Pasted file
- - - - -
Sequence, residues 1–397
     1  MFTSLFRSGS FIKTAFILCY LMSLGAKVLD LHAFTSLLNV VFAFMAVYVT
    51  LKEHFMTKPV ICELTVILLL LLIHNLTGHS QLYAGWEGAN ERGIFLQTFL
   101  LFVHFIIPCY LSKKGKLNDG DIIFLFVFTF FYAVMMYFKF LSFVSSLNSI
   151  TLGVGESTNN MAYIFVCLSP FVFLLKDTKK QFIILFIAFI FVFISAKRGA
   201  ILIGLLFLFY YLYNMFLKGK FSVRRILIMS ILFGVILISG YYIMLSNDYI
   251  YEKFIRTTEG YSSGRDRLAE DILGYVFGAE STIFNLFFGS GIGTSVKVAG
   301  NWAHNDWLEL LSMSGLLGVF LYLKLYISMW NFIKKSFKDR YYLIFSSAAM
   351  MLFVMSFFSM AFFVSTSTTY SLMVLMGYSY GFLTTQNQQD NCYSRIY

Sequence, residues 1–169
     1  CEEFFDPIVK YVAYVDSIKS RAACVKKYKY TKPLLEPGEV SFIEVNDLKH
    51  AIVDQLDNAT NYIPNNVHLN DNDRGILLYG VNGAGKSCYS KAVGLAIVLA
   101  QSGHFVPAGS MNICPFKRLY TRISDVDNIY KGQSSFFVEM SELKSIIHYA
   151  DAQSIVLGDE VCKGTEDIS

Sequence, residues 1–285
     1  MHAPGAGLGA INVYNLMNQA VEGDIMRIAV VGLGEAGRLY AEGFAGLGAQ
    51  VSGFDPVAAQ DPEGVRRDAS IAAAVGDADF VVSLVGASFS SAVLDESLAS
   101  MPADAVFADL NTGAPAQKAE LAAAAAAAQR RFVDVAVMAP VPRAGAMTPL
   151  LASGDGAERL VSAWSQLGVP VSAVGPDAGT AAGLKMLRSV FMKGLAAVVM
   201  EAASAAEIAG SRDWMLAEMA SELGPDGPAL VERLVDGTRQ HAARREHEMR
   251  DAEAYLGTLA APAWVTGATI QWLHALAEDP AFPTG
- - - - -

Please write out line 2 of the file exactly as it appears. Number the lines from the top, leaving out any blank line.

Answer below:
     1  MFTSLFRSGS FIKTAFILCY LMSLGAKVLD LHAFTSLLNV VFAFMAVYVT